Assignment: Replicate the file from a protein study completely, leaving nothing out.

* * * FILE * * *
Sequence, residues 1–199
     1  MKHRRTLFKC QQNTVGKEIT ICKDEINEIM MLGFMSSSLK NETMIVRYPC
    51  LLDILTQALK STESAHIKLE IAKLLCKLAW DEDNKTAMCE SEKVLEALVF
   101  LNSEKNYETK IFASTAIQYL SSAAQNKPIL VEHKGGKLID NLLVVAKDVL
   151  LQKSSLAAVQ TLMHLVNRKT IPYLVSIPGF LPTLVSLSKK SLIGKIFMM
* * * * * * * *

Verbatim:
Sequence, residues 1–199
     1  MKHRRTLFKC QQNTVGKEIT ICKDEINEIM MLGFMSSSLK NETMIVRYPC
    51  LLDILTQALK STESAHIKLE IAKLLCKLAW DEDNKTAMCE SEKVLEALVF
   101  LNSEKNYETK IFASTAIQYL SSAAQNKPIL VEHKGGKLID NLLVVAKDVL
   151  LQKSSLAAVQ TLMHLVNRKT IPYLVSIPGF LPTLVSLSKK SLIGKIFMM